The Status of Children of Mixed Marriages
Following is the final text of the Report of the
Committee on Patrilineal Descent
adopted on March 15, 1983
The purpose of this document is to establish the Jewish status of the children of mixed marriages in the Reform Jewish community of North America.
One of the most pressing human issues for the North American Jewish community is mixed marriage, with all its attendant implications. For our purpose, mixed marriage is defined as a union between a Jew and a non-Jew. A non-Jew who joins the Jewish people through conversion is recognized as a Jew in every respect. We deal here only with the Jewish identity of children which one parent is Jewish and the other parent is non-Jewish.
This issue arises from the social forces set in motion by the Enlightenment and the Emancipation. They are the roots of our current struggle with mixed marriage. "Social change so drastic and far reaching could not but affect on several levels the psychology of being Jewish.... The result of Emancipation was to make Jewish identity a private commitment rather than a legal status, leaving it a complex mix of destiny and choice" (Robert Seltzer, Jewish People, Jewish Thought, p. 544). Since the Napoleonic Assembly of Notables of 1806, the Jewish community has struggled with the tension between modernity and tradition. This tension is now a major challenge, and it is within this specific context that the Reform Movement chooses to respond. Wherever there is ground to do so, our response seeks to establish Jewish identity of the children of mixed marriages.
According to the Halacha as interpreted by traditional Jews over many centuries, the offspring of a Jewish mother and a non-Jewish father is recognized as a Jew, while the offspring of a non-Jewish mother and a Jewish father is considered a non-Jew. To become a Jew, the child of a non-Jewish mother and a Jewish father must undergo conversion.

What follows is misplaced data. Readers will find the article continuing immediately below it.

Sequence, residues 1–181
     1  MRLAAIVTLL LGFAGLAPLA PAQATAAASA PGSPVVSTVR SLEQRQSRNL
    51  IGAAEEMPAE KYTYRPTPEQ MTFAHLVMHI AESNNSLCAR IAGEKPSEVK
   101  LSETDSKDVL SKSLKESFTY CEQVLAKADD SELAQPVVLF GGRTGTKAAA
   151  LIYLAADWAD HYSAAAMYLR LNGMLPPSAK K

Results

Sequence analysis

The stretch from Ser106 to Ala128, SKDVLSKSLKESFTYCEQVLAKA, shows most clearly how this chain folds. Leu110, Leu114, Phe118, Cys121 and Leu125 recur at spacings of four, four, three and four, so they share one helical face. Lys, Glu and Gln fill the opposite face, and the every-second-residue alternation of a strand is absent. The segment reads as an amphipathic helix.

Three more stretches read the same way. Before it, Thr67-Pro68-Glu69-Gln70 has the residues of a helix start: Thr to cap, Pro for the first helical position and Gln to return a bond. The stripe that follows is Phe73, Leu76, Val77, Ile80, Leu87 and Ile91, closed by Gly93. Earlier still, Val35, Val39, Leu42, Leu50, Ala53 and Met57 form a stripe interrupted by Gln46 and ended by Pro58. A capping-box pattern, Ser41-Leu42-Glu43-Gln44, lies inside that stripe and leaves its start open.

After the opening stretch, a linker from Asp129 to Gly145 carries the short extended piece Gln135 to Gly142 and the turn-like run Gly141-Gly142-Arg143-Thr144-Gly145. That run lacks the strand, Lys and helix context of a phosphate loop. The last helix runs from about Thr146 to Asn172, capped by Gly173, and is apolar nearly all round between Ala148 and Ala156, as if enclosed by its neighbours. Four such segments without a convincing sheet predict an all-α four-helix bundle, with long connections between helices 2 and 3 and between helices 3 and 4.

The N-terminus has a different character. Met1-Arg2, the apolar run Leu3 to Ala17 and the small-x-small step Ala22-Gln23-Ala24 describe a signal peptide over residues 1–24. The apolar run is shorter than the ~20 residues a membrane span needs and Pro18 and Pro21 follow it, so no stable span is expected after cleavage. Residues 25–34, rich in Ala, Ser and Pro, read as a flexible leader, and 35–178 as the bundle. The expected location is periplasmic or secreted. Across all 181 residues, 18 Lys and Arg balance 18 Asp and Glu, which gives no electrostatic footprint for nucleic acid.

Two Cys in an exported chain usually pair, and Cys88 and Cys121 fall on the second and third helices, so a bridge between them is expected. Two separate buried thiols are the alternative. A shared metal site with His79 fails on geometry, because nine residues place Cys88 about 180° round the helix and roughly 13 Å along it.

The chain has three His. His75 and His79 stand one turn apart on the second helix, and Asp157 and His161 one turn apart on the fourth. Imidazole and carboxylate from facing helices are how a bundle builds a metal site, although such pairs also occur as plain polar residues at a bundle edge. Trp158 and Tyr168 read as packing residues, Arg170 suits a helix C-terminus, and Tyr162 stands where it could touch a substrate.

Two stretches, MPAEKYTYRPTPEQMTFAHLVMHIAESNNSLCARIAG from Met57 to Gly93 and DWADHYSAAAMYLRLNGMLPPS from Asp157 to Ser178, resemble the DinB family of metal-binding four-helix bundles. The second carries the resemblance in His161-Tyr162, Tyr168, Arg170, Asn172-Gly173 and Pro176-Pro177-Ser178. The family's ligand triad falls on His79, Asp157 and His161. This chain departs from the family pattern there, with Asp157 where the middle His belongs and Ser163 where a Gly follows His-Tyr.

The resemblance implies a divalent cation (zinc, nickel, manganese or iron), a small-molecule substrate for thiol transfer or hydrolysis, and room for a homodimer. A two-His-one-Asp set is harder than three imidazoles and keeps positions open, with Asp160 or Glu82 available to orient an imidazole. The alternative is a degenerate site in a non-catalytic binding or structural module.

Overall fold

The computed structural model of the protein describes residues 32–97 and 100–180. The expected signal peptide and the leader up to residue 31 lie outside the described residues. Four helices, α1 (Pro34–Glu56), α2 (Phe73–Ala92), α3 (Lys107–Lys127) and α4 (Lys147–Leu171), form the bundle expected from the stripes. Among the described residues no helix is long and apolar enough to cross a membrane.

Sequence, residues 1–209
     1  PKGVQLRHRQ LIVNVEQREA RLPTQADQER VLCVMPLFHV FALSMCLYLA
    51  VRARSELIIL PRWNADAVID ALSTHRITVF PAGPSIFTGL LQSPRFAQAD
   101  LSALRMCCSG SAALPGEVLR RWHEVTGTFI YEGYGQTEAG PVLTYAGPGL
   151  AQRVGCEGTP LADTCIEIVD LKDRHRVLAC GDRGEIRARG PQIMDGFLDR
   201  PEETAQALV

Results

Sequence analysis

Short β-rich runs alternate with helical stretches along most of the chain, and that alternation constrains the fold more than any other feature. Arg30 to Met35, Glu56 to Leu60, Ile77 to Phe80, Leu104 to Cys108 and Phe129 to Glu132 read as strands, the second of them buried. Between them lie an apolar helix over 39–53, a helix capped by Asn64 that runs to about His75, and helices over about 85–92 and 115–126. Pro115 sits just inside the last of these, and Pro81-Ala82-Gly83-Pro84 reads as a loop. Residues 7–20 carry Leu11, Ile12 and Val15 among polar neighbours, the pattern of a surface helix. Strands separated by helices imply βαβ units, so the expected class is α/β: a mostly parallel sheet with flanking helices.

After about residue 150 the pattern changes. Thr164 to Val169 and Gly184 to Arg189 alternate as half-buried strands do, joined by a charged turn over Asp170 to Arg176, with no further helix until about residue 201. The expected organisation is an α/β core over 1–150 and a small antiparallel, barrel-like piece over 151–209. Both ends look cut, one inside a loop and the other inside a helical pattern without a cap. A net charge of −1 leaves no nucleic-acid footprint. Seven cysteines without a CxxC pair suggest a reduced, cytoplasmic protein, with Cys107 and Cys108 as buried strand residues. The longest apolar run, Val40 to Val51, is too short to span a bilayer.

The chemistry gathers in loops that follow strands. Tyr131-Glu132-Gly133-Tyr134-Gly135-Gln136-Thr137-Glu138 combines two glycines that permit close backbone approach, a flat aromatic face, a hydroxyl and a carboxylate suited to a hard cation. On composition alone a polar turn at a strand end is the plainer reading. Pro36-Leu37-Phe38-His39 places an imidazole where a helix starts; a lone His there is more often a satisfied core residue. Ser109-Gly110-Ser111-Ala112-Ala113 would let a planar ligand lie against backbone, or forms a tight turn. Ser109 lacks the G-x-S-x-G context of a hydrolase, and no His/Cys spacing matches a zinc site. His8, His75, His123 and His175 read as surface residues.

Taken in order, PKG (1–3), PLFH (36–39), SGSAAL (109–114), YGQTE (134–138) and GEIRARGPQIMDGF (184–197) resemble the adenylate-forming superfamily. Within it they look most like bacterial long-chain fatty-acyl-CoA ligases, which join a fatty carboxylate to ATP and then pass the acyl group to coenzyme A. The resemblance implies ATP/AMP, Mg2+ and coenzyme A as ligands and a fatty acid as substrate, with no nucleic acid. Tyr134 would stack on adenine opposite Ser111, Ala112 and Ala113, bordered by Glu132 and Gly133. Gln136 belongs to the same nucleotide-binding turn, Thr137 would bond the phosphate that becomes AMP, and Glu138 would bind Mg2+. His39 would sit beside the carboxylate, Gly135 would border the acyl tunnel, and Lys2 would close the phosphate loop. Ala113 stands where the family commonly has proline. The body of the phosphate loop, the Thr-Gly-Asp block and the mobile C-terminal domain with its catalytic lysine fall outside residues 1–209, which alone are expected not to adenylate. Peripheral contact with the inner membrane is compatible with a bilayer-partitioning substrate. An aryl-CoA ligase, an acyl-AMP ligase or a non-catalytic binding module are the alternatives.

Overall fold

As a Reform community, the process of determining an appropriate response has taken us to an examination of the tradition, our own earlier responses, and the most current considerations. In doing so, we seek to be sensitive to the human dimensions of this issue.
Both the Biblical and the Rabbinical traditions take for granted that ordinarily the paternal line is decisive in the tracing of descent within the Jewish people. The Biblical genealogies in Genesis and elsewhere in the Bible attest to this point. In intertribal marriage in ancient Israel, paternal descent was decisive. Numbers 1:2, etc., says: "By their families, by their fathers' houses" (lemishpechotam leveit avotam), which for the Rabbis means, "The line [literally: 'family'] of the father is recognized; the line of the mother is not" (Mishpachat av keruya mishpacha; mishpachat em einah keruya mishpacha; Bava Batra 109b, Yevamot 54b; cf. Yad, Nachalot 1.6).
In the Rabbinic tradition, this tradition remains in force. The offspring of a male Kohen who marries a Levite or Israelite is considered a Kohen, and the child of an Israelite who marries a Kohenet is an Israelite. Thus: yichus, lineage, regards the male line as absolutely dominant. This ruling is stated succinctly in Mishna Kiddushin 3.12 that when kiddushin (marriage) is licit and no transgression (ein avera is involved, the line follows the father. Furthermore, the most important parental responsibility to teach Torah rested with the father (Kiddushin 29a; cf. Shulchan Aruch, Yoreh De-a 245.1).
When, in the tradition, the marriage was considered not to be licit, the child of that marriage followed the status of the mother (Mishna Kiddushin 3.12, havalad kemotah). The decision of our ancestors thus to link the child inseparably to the mother, which makes the child of a Jewish mother Jewish and the child of a nonJewish mother non-Jewish, regardless of the father, was based upon the fact that the woman with her child had no recourse but to return to her own people. A Jewish woman could not marry a non-Jewish man (cf. Shulchan Aruch, Even Ha-ezer 4.19, la tafsei kiddushin). A Jewish man could not marry a non-Jewish woman. The only recourse in Rabbinic law for the woman in either case was to return to her own community and people.
Since Emancipation, Jews have faced the problem of mixed marriage and the status of the offspring of mixed marriage. The Reform Movement responded to the issue. In 1947 the CCAR adopted a proposal made by the Committee on Mixed Marriage and Intermarriage: